Retirement accounts can be the single largest source of accrued wealth for many alumni. As good fundraisers, it is important to know how new regulations regarding required minimum distributions (RMDs) impact the guidance on gifts from an IRA. The planned giving experts at Stelter and the money professionals at CNBC financial recently weighed in on what you need to know.
What are the new regulations?
The Setting Every Community Up for Retirement Enhancement (SECURE) Act went into effect on Jan. 1, 2020. The most significant changes to retirement security since the Pension Protection Act of 2006, this legislation increases the age you start making mandated annual withdrawals from your retirement account from 70½ to 72. Also, how you calculate your retirement amounts will change with updated life expectancy tables proposed by the IRS for 2021.
“The age change is a small thing, but helpful,” certified financial planner Mark Wilson, president of MILE Wealth Management in Irvine, California, told CNBC’s Sarah O’Brien. “Using longer life expectancy calculations would make the minimum amount you have to take a little smaller.”
While the SECURE Act increases the age retirees must begin taking taxable withdrawals from their retirement savings, it does not increase the age an IRA owner can take a qualified charitable distribution or QCD. That age remains at 70½ years.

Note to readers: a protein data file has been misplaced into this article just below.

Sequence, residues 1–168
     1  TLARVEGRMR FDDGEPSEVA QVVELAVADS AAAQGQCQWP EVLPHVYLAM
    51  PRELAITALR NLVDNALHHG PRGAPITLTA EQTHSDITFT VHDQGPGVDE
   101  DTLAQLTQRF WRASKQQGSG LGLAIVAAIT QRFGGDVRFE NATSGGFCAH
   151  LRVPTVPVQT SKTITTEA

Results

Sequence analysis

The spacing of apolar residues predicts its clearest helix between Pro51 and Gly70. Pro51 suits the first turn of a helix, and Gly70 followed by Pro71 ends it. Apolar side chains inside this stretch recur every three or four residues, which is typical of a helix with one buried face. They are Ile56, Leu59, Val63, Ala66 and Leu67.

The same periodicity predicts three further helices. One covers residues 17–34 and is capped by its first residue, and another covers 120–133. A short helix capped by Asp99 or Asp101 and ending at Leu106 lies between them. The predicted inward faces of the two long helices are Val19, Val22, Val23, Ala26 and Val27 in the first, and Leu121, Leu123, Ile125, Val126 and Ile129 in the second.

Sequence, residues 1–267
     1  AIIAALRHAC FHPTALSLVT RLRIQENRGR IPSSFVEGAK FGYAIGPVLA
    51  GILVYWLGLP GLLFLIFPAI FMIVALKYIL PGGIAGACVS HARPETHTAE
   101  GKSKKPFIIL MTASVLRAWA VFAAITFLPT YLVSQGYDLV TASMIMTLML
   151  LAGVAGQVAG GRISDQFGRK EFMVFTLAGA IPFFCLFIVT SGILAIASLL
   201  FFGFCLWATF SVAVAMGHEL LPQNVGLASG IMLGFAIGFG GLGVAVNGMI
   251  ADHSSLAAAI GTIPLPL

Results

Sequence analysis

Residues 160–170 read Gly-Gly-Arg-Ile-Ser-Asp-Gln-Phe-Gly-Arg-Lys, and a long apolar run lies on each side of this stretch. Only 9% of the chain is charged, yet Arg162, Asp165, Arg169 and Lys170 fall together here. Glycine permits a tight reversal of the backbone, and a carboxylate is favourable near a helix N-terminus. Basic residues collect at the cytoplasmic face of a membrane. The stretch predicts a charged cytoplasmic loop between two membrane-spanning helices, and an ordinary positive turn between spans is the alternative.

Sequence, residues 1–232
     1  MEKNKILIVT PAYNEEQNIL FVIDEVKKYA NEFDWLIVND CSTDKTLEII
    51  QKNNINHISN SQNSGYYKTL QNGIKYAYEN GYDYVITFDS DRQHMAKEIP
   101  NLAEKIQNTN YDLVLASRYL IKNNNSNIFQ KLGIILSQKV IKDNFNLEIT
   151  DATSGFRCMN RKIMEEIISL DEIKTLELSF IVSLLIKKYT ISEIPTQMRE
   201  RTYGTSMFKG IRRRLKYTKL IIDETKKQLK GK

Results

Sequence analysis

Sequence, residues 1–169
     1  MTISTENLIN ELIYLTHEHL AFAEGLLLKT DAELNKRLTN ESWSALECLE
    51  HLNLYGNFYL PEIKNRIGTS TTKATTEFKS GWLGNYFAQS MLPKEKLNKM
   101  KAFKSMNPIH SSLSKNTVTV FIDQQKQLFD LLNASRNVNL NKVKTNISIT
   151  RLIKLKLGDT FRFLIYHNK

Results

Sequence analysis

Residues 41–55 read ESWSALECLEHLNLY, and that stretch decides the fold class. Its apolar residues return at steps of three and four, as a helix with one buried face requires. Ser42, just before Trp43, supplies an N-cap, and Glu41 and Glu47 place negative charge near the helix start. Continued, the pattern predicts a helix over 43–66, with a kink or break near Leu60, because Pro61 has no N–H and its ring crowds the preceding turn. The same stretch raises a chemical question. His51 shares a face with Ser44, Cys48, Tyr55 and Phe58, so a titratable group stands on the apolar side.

“I anticipate that this may cause some confusion among your donors,” writes Stelter’s Senior Gift Planning Consultant Lynn Gaumer on the company’s blog Stelter Insights.
Testamentary Life Income Gifts
Gaumer calls the new law a “win for the nonprofit community” because it increases interest in Testamentary Life Income Gifts.
The new law modifies “the stretch” IRA provisions, she writes. Under the previous law, when an IRA owner passed away, the IRA beneficiary could “stretch” distributions over their lifetime. This preserves an account’s tax-deferred status and allows its continued use by future beneficiaries.
Under the new law, spouses are still allowed to stretch payments over their lifetimes, but non-spousal beneficiaries have to withdraw any amount left in the IRA within ten years.
“Donors may not want their non-spousal beneficiaries to receive their entire IRA proceeds within ten years,” Gaumer writes. “A testamentary charitable remainder trust (CRT) or a testamentary charitable gift annuity (CGA) may be a solution. The IRA owner can name a CRT or a CGA as a beneficiary. The IRA proceeds will then be used to fund a testamentary CRT or CGA.”
Gaumer says university gift officers should review their list of donors and identify those who may be interested in stretching their IRA distributions using a testamentary charitable remainder trust or a testamentary charitable gift annuity.
“Reach out to them and begin the conversation.”
To read Stelter’s entire overview, including more information on strategies, you can visit their blog here.